the third and fourth layer.
  >
  >Some high speed signals traces are routed on the third layer, such as PCI 
Express and SAS/SATA signals.
  >
  >If the high speed signal traces go across isolation moat of the fourth power 
layer, can it be treated as crossing split reference plane and give rise to 
signal integrity problem?
  >
  >If it will give rise to signal integrity problem, can we use stiching 
capacitors across isolation moats of the power layer to deal with this issue, 
while changing the
  >isolation moats?
  > 
  >Any thought on this issue would be appreciated.
  >
  >Best regards.
  >
  >
  >Zhuyongfa
  >HUAWEI TECHNOLOGIES CO.,LTD.  
  >
  >
  >Address: Huawei Industrial Base
  >Bantian Longgang
  >Shenzhen 518129, P.R.China
  >Tel:+86-755-89653025 
  >Fax: +86-755-89650731
  >E-mail: zhuyongfa@xxxxxxxxxx
  >www.huawei.com
  
>-------------------------------------------------------------------------------------------------------------------------------------
  >This e-mail and its attachments contain confidential information from 
HUAWEI, which 
  >is intended only for the person or entity whose address is listed above. Any 
use of the 
  >information contained herein in any way (including, but not limited to, 
total or partial 
  >disclosure, reproduction, or dissemination) by persons other than the 
intended 
  >recipient(s) is prohibited. If you receive this e-mail in error, please 
notify the sender by 
  >phone or email immediately and delete it!
  >
  >
  >
  >-- Binary/unsupported file stripped by Ecartis --
  >-- Type: image/jpeg
  >-- File: outlook_huawei_logo_en.jpg
  >
  >
  >------------------------------------------------------------------
  >To unsubscribe from si-list:
  >si-list-request@xxxxxxxxxxxxx with 'unsubscribe' in the Subject field
  >
  >or to administer your membership from a web page, go to:
  >http://www.freelists.org/webpage/si-list
  >
  >For help:
  >si-list-request@xxxxxxxxxxxxx with 'help' in the Subject field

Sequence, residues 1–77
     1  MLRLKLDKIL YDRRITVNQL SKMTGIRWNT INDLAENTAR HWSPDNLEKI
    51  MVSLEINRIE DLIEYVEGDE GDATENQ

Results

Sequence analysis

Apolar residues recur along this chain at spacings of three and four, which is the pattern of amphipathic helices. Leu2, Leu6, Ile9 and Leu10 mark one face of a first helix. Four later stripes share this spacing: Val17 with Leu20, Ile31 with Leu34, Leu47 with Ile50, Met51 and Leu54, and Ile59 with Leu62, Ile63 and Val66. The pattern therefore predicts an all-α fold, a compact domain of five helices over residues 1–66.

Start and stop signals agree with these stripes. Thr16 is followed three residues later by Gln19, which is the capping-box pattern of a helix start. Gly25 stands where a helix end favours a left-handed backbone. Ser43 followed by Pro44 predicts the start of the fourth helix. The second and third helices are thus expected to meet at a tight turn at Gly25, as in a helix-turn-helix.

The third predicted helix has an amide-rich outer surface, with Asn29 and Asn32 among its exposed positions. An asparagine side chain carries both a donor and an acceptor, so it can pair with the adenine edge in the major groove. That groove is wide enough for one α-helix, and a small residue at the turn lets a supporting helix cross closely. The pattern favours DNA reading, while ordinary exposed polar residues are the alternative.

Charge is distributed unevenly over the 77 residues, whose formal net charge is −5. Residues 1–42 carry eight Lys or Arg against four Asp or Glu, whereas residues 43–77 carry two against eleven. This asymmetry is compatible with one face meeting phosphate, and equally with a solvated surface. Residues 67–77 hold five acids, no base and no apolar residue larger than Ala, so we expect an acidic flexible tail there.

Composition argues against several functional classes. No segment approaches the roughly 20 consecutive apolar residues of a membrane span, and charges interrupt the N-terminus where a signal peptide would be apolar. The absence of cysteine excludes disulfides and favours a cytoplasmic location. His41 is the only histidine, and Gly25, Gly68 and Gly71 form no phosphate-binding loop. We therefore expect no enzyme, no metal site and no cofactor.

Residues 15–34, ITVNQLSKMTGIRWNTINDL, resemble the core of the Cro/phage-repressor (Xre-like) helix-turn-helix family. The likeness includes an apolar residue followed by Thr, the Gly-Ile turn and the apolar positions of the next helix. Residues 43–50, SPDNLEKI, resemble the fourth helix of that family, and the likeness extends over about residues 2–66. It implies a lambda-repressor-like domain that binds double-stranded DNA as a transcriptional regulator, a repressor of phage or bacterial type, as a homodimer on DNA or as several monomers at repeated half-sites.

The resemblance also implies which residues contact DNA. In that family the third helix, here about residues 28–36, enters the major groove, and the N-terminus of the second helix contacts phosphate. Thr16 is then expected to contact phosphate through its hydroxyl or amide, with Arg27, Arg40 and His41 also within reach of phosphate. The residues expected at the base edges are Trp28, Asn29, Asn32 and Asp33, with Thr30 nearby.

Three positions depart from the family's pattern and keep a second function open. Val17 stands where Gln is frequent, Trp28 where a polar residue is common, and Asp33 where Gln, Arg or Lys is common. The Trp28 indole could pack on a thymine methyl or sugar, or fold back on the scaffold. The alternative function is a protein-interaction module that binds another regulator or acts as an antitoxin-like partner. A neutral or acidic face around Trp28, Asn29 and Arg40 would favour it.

>
  >
  >List technical documents are available at:
  >                http://www.si-list.net
  >
  >List archives are viewable at:     
  > http://www.freelists.org/archives/si-list
  >or at our remote archives:
  > http://groups.yahoo.com/group/si-list/messages
  >Old (prior to June 6, 2001) list archives are viewable at:
  > http://www.qsl.net/wb6tpu
  >  
  >
  >
  >
  ------------------------------------------------------------------
  To unsubscribe from si-list:
  si-list-request@xxxxxxxxxxxxx with 'unsubscribe' in the Subject field

  or to administer your membership from a web page, go to:
  http://www.freelists.org/webpage/si-list

  For help:
  si-list-request@xxxxxxxxxxxxx with 'help' in the Subject field


  List technical documents are available at:
                  http://www.si-list.net

  List archives are viewable at:     
  http://www.freelists.org/archives/si-list
  or at our remote archives:
  http://groups.yahoo.com/group/si-list/messages
  Old (prior to June 6, 2001) list archives are viewable at:
    http://www.qsl.net/wb6tpu
    



-- Binary/unsupported file stripped by Ecartis --
-- Type: image/jpeg
-- File: outlook_huawei_logo_en.jpg


------------------------------------------------------------------
To unsubscribe from si-list:
si-list-request@xxxxxxxxxxxxx with 'unsubscribe' in the Subject field

or to administer your membership from a web page, go to:
http://www.freelists.org/webpage/si-list

For help:
si-list-request@xxxxxxxxxxxxx with 'help' in the Subject field


List technical documents are available at:
                http://www.si-list.net

List archives are viewable at:     
                http://www.freelists.org/archives/si-list
or at our remote archives:
                http://groups.yahoo.com/group/si-list/messages
Old (prior to June 6, 2001) list archives are viewable at:
                http://www.qsl.net/wb6tpu
  

Other related posts: